The award-winning dairy farmer talks cows, shows and after-parties!
by Gill Sherry
When Hugh Kennedy attended a dairy show on 11th March, the last thing he expected was to come home with a Lifetime Achievement Award.
“I was down at a dairy show in Carlisle, just spectating,” Hugh tells me. “I was standing round the ring. The show had stopped for a wee while and somebody was announcing something. The folk in the middle had cameras pointing to me and I’m thinking, who’s having their photos taken? And then they announced it. I didn’t know a thing. My son and two daughters-in-law knew, but they never told me so it was a complete surprise. It was really something else.”
He was presented with the John Dennison Lifetime Achievement Award that same day. Established in 2013 in memory of well-known farmer, John Dennison, it is awarded annually in recognition of the dairy cattle breeder or exhibitor judged to be a high achiever and exemplary role model.
I ask Hugh how it felt to receive the award.
“John died young,” he says, referring to this friend John Dennison. “He was a top breeder and a hell of a nice fella. He was great company and a good laugh so that made me even more proud to be winning when it was his award. It was awarded in the ring at the show with an audience there, so it was really something special.”
When I ask about his own contribution to the dairy industry, he responds with a modest but humorous reply.
“I’m better known as being the village idiot as being somebody who’s due an award!”
He continues with a more serious evaluation: “I’ve been farming and interested in cattle since I was 15 years old. I’ve showed Ayrshires and Friesians and Holsteins throughout my life.”
As a second generation farmer, Hugh was always destined to follow in his father’s footsteps. Now, after more than half a century of breeding and showing cattle, he looks back on his career with great fondness.
“I never had a notion of doing anything else. I’ve been through tough spells,” he admits, “but you’ve really got to be dedicated and love it or you shouldn’t do it. It’s got to be in your heart.”
I ask how things have changed in the last fifty years.
“It’s different altogether, modernised. There’s more machinery, it’s more technical, and there’s more bookwork which I don’t like. I like the physical side of farming and the dairy cattle. Working with animals is my favourite.”
This preference extends to both showing and judging cattle.
“I really enjoyed winning,” he says proudly, “and I enjoyed the company and the after-show parties.”
The pleasure in his voice is unmistakable, the memories of those parties still entertaining him many years later.
“The big shows are very professional now. You’d get professionals to get the animals ready at the big shows. For the local shows, it’s just a hobby, you do it yourself.”
I imagine Hugh clipping and grooming his cattle in preparation for a show. Could it be the animals were better presented than the farmers themselves?
“Aye,” he laughs, “especially on the road home!”
Home, incidentally, is the family farm near Tarbolton.
I notice that Hugh tends to jump from present to past tense when referring to his farming career. So has he actually retired?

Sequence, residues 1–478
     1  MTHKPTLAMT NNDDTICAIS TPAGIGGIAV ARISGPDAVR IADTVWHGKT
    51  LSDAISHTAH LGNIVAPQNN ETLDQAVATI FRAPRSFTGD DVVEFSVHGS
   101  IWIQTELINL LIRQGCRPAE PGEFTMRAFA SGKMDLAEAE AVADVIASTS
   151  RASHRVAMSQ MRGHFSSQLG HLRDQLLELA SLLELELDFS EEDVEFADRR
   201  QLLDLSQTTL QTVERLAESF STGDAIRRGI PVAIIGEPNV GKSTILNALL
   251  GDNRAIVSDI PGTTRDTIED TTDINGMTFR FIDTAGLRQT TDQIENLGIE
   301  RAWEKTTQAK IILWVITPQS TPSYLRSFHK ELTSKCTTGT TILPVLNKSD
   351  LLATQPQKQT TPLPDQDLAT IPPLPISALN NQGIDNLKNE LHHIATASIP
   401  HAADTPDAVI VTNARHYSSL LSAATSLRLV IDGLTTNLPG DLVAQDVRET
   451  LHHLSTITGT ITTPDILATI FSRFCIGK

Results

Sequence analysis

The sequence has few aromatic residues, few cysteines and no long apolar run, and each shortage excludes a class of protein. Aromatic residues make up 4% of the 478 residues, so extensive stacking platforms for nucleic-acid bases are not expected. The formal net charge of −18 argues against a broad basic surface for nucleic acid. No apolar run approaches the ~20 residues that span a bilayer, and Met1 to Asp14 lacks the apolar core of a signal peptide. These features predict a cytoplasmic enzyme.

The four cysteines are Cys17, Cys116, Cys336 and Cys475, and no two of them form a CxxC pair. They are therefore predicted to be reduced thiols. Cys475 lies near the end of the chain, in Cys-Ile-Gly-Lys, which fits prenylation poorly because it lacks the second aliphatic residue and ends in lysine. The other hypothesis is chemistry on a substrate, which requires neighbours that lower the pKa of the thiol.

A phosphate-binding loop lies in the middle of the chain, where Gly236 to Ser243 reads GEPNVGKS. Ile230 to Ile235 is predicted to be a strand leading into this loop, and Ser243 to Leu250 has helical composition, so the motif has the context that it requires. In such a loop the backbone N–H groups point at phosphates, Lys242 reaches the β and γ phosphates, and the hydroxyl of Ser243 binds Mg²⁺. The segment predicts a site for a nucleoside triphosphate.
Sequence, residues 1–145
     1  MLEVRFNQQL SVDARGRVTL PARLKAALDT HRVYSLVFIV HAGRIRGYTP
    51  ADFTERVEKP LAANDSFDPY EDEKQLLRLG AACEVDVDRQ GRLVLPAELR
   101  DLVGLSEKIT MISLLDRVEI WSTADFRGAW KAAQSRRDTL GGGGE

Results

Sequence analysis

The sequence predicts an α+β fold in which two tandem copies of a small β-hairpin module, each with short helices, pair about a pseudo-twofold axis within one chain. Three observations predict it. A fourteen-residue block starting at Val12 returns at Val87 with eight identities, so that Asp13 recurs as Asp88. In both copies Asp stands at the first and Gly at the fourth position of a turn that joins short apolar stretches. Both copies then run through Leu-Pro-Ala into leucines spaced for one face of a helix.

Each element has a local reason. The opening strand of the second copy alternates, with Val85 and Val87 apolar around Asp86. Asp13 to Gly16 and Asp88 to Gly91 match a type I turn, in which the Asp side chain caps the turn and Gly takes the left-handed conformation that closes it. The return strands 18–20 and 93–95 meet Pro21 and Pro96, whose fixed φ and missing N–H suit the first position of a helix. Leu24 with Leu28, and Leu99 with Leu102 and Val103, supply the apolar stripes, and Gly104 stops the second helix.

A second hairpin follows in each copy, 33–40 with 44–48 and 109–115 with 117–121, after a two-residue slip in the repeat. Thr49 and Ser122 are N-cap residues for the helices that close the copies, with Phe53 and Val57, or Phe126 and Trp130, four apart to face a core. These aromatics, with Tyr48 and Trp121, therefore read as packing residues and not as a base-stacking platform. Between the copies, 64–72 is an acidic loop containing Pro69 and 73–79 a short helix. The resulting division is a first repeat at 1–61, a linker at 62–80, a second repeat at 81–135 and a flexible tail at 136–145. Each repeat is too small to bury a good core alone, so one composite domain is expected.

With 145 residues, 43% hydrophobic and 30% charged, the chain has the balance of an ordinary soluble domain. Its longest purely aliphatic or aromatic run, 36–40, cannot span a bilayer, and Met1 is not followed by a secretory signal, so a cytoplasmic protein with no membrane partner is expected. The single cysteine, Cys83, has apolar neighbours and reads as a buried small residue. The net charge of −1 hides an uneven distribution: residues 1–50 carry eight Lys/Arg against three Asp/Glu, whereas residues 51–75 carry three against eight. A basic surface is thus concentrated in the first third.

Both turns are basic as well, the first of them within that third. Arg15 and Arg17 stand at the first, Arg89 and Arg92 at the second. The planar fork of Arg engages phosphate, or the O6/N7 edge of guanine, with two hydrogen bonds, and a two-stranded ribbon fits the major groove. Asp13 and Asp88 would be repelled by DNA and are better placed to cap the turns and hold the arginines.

“I still help out a little. I still go to the farm every day, just to do what I can to help.”
And he’s still judging too.
“I’ve judged cattle in Ireland, Germany, England and Scotland. I have the honour of judging the interbreed at the Highland Show this year,” he confirms. “That’s all the different breeds, the champion of champions in the dairy industry. I’m looking forward to that.”
After such a long, rewarding career, I wonder if Hugh has one significant highlight?
“I’ve enjoyed it all. Last year we won the West of Scotland Super Six, that was six cows. There were 27 entries and we won it. That was big! In the same year we won the Herd Competition for the West of Scotland. And in the same year, we won Super Cow for the West of Scotland, so we had a very successful year. I went out on a high!”
Hugh also shares the story of a bittersweet experience from December last year.
“We sold the herd just before Christmas. I had two sons. One of them, Jim, was in partnership with me. He died about four years ago. We kept the herd going with my daughter-in-law but it was getting too much so we sold the herd at Carlisle. It was sad but we had a very successful sale and tremendous support. So it was sad but it was good.”
They still have two or three cows, though, hence Hugh’s reluctance to fully retire.
Mention of his son, Jim, prompts Hugh to acknowledge other valuable support.
“Winning the award was mainly due to the support of my good wife, Ruth, who has milked cows, fed calves and helped with the running of the business for the last 50 years. Also my family – Bryan, Don, Liz and our dearly missed son, Jim, who was an integral part of the business and much loved for his 46 years of life.”
And his gratitude extends still further: “On behalf of Ruth, Bryan, Don, Liz and our family and friends, I’d also like to thank the business and farming community for its support of the Jay Walk in memory of our adorable grandson, Jay, which has raised over £90,000 for charity.”
Jay tragically died of brain cancer at just 20 years of age. Sadly, he won’t get the chance to follow his own dreams. For other youngsters, however, Hugh has this to say: “You’ve got to work hard and make a job at everything you do. If you’re not going to do that, don’t start. Farming’s not a job you should do if you’re not interested in it.”
That’s pretty good advice from a man who has given his life to his trade.
“It’s given as much, if not more to me, as I’ve given to it.”
It’s a humble response, and I can’t help thinking that John Dennison would be very proud of his friend, Hugh Kennedy.